Following his opposition to the establishment of a theatre in Geneva, Jean-Jacques Rousseau is often considered an enemy of the stage. Yet he was fascinated by drama: he was a keen theatre-goer, his earliest writings were operas and comedies, his admiration for Italian lyric theatre ran through his career, he wrote one of the most successful operas of the day, Le Devin du village, and with his Pygmalion, he invented a new theatrical genre, the Scène lyrique (‘melodrama’).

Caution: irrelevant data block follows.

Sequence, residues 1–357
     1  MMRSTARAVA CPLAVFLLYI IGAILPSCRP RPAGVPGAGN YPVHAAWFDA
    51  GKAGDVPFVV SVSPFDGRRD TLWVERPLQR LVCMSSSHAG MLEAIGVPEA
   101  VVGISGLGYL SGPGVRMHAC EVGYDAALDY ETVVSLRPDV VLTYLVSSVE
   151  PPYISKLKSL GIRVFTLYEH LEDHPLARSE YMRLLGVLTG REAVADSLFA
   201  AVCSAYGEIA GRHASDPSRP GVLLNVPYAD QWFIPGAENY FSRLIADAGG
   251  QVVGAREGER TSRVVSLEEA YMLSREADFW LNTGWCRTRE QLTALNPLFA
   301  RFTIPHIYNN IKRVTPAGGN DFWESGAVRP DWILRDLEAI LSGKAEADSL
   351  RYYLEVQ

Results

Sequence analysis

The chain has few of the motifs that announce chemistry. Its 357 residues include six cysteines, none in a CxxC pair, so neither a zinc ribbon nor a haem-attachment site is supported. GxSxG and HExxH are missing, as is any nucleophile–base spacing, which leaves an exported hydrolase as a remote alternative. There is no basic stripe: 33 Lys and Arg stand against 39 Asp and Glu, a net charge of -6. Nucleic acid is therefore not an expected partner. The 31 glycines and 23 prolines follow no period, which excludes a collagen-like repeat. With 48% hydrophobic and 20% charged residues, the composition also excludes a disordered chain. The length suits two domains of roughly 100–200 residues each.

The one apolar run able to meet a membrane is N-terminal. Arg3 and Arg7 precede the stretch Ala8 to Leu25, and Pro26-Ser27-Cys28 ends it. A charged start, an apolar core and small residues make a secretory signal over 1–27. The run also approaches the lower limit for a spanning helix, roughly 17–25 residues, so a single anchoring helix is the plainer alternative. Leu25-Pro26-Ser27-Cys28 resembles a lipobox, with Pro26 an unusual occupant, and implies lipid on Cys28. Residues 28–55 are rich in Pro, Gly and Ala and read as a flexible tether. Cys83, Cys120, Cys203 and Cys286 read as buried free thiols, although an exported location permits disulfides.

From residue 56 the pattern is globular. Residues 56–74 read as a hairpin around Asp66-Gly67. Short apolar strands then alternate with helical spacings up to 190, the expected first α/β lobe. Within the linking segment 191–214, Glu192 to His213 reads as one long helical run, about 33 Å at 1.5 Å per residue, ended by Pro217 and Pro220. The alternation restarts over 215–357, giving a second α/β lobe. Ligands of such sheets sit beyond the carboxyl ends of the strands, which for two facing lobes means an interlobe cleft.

Through multi-faceted analyses of Rousseau’s theatrical and musical works, authors re-evaluate his practical and theoretical involvement with and influence on the dramatic arts, as well as his presence in modern theatre histories. New readings of the Lettre à d’Alembert highlight its political underpinnings, positioning it as an act of resistance to external bourgeois domination of Geneva’s cultural sphere, and demonstrate the work's influence on theatrical reform after Rousseau’s death. Fresh analyses of his theory of voice, developed in the Essai sur l’origine des langues, highlight the unique prestige of Italian opera for Rousseau. His ambition to rethink the nature and function of stage works, seen in Le Devin du village and then, more radically, in Pygmalion, give rise to several different discussions in the volume, as do his complex relations with Gluck. Together, contributors shed new light on the writer’s relationship to the stage, and argue for a more nuanced approach to his theatrical and operatic works, theories and legacy.
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